Inside JET: The Outside-Outsiders

Editor’s note: This is the first in a three-part series. Subsequent instalments will appear in future issues of the Hyogo Times.

“One day Roland Barthes strolled up the Champs Elysees toward L’Etoile and met an outside-insider. There are many outside-outsiders and a few inside-insiders, he would say, and there are even a very few inside-outsiders [. . .] but the authentic outside-insider is rare.” (Robert Rawdon Wilson, In Palamedes’ Shadow 48)

I first encountered these words while nestled under a warm kotatsu on a chilly Japanese winter evening. The book was about English literature, language and play. Admittedly a dry topic for most people, but nevertheless interesting reading for a graduate of Literature Studies. After finishing the chapter, filing the book away and settling down to sleep, I encountered the words again, but this time in my thoughts: am I, Emma Nicoletti, an outside-insider?  Or are my Japanese friends, colleagues and students outside-insiders? Is it me or them who is like the man Barthes met on the Champs Elysees? Or are none of us like him? Of course, to answer these questions satisfactorily, we need to know what is an outside-insider, and for that matter, how an outside-insider is different from an outside-outsider, and an inside-insider, and also an inside-outsider.

The outside-outsider: An outside-outsider is a person who doesn’t seem to understand their culture or group’s spoken and unspoken rules. They break taboos not because they are trying to be clever or rude, but because they don’t know any better. They are the person at the party who you try to avoid. They are often the person who hears what you are saying, but doesn’t really listen. Their comments often sound insensitive, and their manner seems rough. They don’t fit into your group, and you don’t think they can easily fit into most groups.

Emma: The Case of an Outside-outsider in Tokyo.

On the bus from Narita airport to Tokyo’s Keio Plaza, I was surrounded by other West Australians. I had met them once or twice in Perth before leaving for Japan, we were friendly, but we weren’t friends yet. I still couldn’t remember all their names, and I wasn’t familiar with their humour. Were they people I would become friends with? Or were they people I would quickly grow apart from? Right then, on that bus ride, I felt different from them. They all seemed to be talking quickly in excited discussions, full of hopes and dreams; all seemed agog, fingers pointing at every novelty and difference they could see. I felt I didn’t belong, I didn’t share their mood nor did I want to participate in it. I felt the absence of my parents and brother and close friends. I felt loss, not hope. Looking outside and seeing Tokyo’s megalopolis didn’t relieve my brown study either. There was nothing familiar. There were too many buildings, they were too tall, and the air was too thick with humidity.  I closed my eyes and wondered if I would ever fit in with these people, and this country.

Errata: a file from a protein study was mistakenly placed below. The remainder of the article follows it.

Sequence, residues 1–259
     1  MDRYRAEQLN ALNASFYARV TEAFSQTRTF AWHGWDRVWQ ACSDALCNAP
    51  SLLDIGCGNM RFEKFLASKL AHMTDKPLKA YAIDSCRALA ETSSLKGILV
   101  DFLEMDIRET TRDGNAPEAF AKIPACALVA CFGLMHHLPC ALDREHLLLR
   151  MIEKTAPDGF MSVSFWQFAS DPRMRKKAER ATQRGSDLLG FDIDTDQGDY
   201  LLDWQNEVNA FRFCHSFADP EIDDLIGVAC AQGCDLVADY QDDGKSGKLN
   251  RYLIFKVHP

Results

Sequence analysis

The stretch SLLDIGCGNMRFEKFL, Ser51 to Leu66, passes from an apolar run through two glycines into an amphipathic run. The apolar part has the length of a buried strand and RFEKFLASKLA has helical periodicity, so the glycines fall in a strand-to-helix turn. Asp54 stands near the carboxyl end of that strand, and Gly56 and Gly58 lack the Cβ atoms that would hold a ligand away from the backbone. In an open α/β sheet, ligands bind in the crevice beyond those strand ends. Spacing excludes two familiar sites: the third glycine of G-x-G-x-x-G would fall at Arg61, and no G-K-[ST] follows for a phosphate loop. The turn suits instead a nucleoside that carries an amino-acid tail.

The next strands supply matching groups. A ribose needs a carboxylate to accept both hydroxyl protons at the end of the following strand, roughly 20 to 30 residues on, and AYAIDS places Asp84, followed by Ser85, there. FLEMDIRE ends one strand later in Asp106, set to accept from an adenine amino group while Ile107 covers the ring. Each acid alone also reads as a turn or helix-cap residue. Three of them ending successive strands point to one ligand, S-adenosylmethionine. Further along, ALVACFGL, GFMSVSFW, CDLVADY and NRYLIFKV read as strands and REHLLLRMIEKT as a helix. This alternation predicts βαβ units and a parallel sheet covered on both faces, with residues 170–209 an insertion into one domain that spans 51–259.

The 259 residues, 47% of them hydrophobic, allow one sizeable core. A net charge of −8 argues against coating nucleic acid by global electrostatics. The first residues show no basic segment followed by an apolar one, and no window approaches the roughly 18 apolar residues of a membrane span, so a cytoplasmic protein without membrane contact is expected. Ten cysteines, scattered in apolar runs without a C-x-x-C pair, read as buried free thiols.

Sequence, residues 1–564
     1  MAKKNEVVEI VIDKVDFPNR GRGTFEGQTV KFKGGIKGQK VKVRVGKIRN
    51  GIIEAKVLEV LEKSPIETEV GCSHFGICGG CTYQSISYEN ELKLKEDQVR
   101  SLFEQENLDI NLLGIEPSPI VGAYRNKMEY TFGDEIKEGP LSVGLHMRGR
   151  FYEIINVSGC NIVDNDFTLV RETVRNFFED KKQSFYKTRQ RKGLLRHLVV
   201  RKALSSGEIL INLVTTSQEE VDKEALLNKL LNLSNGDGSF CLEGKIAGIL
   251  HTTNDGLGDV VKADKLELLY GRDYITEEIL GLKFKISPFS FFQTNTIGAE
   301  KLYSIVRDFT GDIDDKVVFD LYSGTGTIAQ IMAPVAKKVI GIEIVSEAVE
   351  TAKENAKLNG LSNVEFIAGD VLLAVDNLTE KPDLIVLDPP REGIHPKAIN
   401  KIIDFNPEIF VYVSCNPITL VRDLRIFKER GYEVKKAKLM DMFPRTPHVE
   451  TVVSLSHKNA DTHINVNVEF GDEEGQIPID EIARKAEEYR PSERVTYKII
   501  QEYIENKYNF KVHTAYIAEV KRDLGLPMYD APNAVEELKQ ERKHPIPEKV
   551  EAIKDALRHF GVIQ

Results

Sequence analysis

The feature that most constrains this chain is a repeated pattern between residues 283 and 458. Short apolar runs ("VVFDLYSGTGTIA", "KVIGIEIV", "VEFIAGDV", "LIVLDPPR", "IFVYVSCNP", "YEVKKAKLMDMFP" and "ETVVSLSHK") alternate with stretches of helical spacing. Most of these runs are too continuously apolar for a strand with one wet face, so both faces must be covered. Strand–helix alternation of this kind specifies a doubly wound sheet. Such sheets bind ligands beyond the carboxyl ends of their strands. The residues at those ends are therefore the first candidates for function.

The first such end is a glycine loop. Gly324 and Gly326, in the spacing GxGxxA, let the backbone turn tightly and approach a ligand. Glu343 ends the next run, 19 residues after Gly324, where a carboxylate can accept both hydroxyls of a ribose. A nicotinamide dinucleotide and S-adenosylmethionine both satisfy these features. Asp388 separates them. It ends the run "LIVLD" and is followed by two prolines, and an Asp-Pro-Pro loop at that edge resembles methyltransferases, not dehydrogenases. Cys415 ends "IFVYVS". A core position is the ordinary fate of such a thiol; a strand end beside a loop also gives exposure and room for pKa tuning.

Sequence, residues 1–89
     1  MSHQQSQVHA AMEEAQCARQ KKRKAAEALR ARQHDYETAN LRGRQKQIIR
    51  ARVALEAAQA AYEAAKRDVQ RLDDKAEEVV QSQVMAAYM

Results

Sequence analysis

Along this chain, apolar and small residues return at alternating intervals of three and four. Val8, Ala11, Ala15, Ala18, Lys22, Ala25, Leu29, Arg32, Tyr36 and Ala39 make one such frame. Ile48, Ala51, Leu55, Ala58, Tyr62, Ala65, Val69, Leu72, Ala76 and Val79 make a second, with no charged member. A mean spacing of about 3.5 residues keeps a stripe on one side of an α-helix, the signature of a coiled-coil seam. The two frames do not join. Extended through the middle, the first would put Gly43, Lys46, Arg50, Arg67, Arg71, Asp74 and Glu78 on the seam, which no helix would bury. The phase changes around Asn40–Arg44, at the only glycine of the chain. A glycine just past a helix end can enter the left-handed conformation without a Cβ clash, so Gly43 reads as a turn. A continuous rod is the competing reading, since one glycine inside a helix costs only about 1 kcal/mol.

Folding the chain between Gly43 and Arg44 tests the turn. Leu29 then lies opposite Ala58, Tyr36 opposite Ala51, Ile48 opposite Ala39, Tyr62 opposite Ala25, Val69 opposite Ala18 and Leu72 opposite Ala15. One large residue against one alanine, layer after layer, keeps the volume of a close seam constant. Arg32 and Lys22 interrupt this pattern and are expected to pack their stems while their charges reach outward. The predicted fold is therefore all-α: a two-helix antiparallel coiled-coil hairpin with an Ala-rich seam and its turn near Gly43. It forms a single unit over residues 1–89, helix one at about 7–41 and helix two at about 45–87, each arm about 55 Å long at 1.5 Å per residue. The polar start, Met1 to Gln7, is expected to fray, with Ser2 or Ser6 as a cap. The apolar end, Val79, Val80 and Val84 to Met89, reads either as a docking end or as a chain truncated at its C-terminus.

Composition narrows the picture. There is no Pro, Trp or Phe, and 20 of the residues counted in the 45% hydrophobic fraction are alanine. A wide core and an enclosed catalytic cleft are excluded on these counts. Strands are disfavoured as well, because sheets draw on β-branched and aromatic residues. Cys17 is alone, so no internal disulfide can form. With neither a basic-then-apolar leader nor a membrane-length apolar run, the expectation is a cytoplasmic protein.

As I write this, two and a half years after coming to Japan, and as I am starting to make preparations for my return to Australia in August, I struggle to quell the surge of emotions my JET friends and my Japan experiences have stirred in me. The first thought that comes to my mind are the tears I’ve shed for my dear friends who have already returned to their distant home countries. Indeed, they did become my new family, they were and will continue to be a group of dynamic, supportive and kind people, with whom I’ve shared invaluable experiences. As for Japan, my feelings are neatly summed up in my instantaneous reaction to a fellow teacher’s recent farewell. Teacher: “Emma, Japan will miss you in August.” Me: “Not as much as I will miss Japan.”

Mikage-sensei: The Case of ‘I Don’t Want My Mum to be an Outside-outsider Anymore‘, or, Please Come to my Mother’s House.

One day Mikage-sensei turned to me and told me about her mother, carefully prefacing the conversation with the warning, “It’s a secret, but my mother is a little strange.” It turned out that her mother was not afflicted with a behaviour altering illness, nor even so much as a twitch; her strangeness emerged from her dislike of foreigners. She had never been introduced to one before, and she’d had no desire to approach one herself. Mikage-sensei explained her mother’s opinion of foreigners, and it soon became apparent that she was well-versed in many unflattering stereotypes: foreigners are loud, inconsiderate, pushy, obnoxious and they think they are better than the Japanese. However, Mikage-sensei told me that none of her mother’s friends shared her prejudice, and Mikage-sensei herself felt ashamed of her mother’s irrationality. In an attempt to countervail her mother’s racist attitude, Mikage-sensei told me she often talked to her mother about me; in particular, she had told her mother that I was friendly and nice. In a recent conversation, Mikage-sensei had told her mother that I was interested in Japanese culture and that I was learning how to perform the tea ceremony. Her mother, who formerly practiced tea ceremony every week when Mikage-sensei was a child, became very intrigued and quite unexpectedly asked Mikage-sensei to invite me to her house so we could do tea ceremony together. I accepted the invitation and went to Mikage-san’s house in Kyoto. We prepared tea for each other, we both made mistakes,  and we both helped each other when we forgot the procedure. More often than not, we laughed.

The second part of this series will appear in the May 2010 issue.

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